NASA's new instrument tracks North American air pollutants to neighborhood level

NASA has recently released test scans from a new instrument called TEMPO, which is capable of measuring pollution levels in North America with unprecedented precision. This Earth-orbiting instrument takes hourly scans and can track air pollutant levels down to the neighborhood level. The scans were taken during a trial period from July 31 to August 2, and TEMPO is expected to reach full operation in October.

TEMPO, which stands for Tropospheric Emissions: Monitoring of Pollution, is the first instrument of its kind. It was launched in April on a SpaceX rocket and now orbits the Earth. The instrument measures levels of ozone, nitrogen dioxide, and other gases. The data collected by TEMPO will be instrumental in improving research on rush-hour traffic pollution.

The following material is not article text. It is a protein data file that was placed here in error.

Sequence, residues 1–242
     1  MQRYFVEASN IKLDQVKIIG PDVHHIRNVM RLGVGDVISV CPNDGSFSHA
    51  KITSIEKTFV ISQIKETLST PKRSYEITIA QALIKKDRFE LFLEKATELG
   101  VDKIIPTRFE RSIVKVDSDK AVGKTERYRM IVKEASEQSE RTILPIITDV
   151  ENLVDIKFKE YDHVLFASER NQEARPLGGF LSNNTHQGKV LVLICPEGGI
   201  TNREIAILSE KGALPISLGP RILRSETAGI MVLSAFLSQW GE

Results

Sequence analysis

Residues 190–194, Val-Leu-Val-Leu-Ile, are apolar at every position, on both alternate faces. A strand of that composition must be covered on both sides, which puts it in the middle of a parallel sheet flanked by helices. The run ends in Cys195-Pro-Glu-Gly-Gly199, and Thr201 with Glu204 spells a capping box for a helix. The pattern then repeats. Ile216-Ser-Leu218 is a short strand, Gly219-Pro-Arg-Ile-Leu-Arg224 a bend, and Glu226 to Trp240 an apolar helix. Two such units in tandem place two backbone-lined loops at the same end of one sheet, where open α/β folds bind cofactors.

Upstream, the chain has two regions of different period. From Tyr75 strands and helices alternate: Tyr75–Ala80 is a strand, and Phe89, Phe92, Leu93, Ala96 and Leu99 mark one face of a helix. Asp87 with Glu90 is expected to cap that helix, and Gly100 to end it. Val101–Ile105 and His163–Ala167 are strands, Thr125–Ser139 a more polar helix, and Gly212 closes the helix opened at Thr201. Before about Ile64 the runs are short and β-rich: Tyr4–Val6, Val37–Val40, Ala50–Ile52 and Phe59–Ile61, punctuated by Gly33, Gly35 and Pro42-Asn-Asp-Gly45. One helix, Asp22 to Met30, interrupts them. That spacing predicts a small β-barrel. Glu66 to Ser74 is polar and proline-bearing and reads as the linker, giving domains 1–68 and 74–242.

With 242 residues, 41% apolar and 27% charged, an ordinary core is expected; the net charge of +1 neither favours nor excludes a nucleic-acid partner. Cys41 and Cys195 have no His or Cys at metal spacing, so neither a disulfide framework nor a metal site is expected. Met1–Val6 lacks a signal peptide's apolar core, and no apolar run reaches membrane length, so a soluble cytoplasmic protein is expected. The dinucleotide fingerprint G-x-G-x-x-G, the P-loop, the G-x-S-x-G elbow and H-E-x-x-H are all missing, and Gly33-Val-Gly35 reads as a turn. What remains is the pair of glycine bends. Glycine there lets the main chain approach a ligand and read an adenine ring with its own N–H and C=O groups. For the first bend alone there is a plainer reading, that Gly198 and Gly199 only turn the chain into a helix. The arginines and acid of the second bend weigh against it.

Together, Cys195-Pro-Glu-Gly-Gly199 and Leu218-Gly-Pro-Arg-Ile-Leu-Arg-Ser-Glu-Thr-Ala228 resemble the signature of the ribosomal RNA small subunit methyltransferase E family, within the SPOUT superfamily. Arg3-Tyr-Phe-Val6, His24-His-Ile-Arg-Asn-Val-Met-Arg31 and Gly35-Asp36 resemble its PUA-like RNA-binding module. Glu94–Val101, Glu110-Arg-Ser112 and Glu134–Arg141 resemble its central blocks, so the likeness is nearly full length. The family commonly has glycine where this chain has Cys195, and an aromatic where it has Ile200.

According to Kelly Chance, a senior physicist at the Smithsonian Astrophysical Observatory and TEMPO principal investigator, there are already almost 50 science studies being planned that are based around this new way of collecting data. The initial data from TEMPO has shown promising results, and researchers are excited to begin conducting further studies once the instrument is fully commissioned.

The release of TEMPO comes at a time when concerns about air pollution and its impact on the environment and public health are growing. With the climate crisis intensifying and the summer of 2023 being the hottest on record, the need for accurate and detailed information about pollution levels has become even more critical.

By providing precise measurements of air pollution across North America, TEMPO will enable researchers to better understand the sources and impacts of pollution. This information will be invaluable in developing strategies to mitigate pollution and improve air quality.

Overall, the release of TEMPO marks a significant milestone in the field of pollution monitoring. Its ability to track pollutant levels in real-time and at a neighborhood level will greatly enhance scientific research and contribute to efforts to combat air pollution and its associated risks.


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